View of Lisbon, Portugal..
(photo credit: Wikimedia Commons)
Portugal joined six other European countries on Wednesday in warning its citizens against doing business beyond the Green Line, with another 10 European countries expected to issue similar recommendations by the end of the week.
The advisory, which appeared on Portugal’s Foreign Ministry website, employed similar language used by Spain and Italy last week in warning their nationals against doing business and investing in the West bank, east Jerusalem and the Golan Heights.
The statement said that the EU considers Israeli settlements as “illegal under international law,” and that they constitute an “obstacle to peace” and to a two state solution.
The statement warned that future agreements could have economic consequences for businesses or properties acquired in the settlements, and that before doing business people should “seek adequate legal counsel.”
France issued a similar warning last week, and Germany, Britain and the Netherlands did so earlier.
The concern in Jerusalem is less about any substantive economic damage that will come from these moves, since European investments in the settlements are limited, but rather that it will create an atmosphere that will enable spillage across the Green Line and affect business inside the pre-1967 lines.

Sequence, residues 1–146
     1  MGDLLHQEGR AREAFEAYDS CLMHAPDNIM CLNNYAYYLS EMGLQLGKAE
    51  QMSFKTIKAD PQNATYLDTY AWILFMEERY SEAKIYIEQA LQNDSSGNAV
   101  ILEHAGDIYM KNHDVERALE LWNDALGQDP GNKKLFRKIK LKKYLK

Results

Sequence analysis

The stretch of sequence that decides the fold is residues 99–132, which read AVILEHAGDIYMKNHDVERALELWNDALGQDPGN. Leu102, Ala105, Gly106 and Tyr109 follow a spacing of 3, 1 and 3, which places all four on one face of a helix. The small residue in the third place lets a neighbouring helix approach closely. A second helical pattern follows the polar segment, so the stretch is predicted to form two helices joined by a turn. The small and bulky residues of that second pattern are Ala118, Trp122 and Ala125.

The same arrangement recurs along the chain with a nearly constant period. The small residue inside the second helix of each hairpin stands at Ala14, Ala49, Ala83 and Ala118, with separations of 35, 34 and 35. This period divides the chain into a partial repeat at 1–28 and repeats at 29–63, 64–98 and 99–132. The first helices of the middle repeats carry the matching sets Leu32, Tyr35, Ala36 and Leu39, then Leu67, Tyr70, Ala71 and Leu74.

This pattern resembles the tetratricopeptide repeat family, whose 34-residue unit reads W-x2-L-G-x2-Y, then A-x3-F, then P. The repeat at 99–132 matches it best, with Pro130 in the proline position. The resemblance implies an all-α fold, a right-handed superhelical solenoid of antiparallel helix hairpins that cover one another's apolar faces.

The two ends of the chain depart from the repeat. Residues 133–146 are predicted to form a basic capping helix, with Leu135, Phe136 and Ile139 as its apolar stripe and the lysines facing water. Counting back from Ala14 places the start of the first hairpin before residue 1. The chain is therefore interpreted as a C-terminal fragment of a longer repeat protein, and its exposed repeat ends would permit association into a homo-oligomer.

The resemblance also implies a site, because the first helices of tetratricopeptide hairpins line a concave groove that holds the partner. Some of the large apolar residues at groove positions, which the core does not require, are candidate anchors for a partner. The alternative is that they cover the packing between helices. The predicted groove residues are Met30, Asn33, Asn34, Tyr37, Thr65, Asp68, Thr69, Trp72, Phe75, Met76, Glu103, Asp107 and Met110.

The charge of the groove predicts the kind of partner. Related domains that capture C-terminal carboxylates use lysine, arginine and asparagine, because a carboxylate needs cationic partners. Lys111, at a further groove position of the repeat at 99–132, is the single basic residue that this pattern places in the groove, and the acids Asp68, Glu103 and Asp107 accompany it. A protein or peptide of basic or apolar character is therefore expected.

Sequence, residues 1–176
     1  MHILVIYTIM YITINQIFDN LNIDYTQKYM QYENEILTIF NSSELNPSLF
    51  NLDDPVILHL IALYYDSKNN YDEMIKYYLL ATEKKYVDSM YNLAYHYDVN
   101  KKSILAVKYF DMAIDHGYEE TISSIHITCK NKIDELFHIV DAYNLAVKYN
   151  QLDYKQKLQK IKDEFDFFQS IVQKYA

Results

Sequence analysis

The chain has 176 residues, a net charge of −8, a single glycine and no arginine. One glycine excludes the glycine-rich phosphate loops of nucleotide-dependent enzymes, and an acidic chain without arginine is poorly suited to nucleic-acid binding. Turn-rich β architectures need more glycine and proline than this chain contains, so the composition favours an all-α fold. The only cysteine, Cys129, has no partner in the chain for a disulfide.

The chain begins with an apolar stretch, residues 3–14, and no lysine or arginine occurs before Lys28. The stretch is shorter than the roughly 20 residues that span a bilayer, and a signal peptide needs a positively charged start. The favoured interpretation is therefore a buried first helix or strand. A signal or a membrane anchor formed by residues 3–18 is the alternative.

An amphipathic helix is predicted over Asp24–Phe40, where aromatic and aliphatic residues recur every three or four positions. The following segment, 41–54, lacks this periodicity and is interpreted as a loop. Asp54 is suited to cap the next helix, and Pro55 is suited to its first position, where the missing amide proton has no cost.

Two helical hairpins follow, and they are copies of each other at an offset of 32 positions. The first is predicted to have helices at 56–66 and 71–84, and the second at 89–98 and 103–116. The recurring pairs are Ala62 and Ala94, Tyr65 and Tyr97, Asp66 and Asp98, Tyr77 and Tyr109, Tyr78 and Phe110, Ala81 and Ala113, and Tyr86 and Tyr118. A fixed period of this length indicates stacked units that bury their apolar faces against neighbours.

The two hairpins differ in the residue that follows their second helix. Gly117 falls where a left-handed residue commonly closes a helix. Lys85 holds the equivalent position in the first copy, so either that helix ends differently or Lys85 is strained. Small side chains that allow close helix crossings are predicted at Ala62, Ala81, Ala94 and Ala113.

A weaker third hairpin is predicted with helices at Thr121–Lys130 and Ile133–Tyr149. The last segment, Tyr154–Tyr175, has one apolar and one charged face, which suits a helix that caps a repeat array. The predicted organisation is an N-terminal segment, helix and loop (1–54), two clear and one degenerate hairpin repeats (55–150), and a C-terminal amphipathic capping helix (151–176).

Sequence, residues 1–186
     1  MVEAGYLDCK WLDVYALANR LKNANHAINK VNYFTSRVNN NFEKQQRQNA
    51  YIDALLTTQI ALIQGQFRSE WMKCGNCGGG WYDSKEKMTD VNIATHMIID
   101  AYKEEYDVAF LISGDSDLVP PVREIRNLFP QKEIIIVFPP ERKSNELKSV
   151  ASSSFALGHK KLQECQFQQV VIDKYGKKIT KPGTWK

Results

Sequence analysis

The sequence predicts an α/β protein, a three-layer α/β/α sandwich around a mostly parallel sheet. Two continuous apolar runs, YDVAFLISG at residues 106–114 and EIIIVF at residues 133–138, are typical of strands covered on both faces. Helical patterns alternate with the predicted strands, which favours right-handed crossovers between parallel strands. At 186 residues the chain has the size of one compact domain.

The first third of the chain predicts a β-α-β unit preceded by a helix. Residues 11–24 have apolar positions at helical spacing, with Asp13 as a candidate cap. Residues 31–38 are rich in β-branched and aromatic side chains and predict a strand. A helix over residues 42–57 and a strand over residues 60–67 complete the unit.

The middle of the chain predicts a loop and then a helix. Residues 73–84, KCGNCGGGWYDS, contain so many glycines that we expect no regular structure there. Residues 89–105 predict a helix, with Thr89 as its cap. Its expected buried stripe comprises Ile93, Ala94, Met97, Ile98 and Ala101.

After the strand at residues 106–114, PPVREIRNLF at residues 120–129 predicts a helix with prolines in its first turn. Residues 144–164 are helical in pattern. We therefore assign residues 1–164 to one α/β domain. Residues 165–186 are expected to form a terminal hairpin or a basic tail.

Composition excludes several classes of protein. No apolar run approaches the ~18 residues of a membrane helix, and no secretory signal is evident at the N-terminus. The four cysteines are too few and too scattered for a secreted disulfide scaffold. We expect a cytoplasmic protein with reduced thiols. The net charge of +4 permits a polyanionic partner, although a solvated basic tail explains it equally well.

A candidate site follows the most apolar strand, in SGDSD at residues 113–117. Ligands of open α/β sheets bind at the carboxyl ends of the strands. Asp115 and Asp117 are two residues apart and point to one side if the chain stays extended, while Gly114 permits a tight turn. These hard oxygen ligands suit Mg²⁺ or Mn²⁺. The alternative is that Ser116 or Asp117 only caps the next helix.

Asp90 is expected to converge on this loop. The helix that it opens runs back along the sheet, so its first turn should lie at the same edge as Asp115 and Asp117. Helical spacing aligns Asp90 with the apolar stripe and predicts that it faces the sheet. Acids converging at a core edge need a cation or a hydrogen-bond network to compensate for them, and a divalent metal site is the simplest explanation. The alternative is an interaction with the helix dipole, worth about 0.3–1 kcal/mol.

Responding to the prospect of another 10 European countries following suit by the end of the week, one Israeli official said that he is not overly worried about these warnings coming from “Malta and Estonia.”
Israeli diplomats have over the last few months tried to fend off these efforts, but the official said the fact that a number of EU countries are nevertheless issuing these warnings should not be seen as a “diplomatic failure.”
“This obviously creates a negative buzz,” the official said. “But you can’t say we failed, because these are only advisories. It is not illegal to do business in the settlements, and there is no ban on settlement goods or on doing business in the settlements.”
These advisories are an easy way to placate voices inside the EU calling for stiffer action against the settlements, he said, without taking more potent action that might not hold up to legal challenges.
It was also significant, he said, that the EU has not been able to pass through a measure in the name of all 28-states, but rather that various states are doing so individually.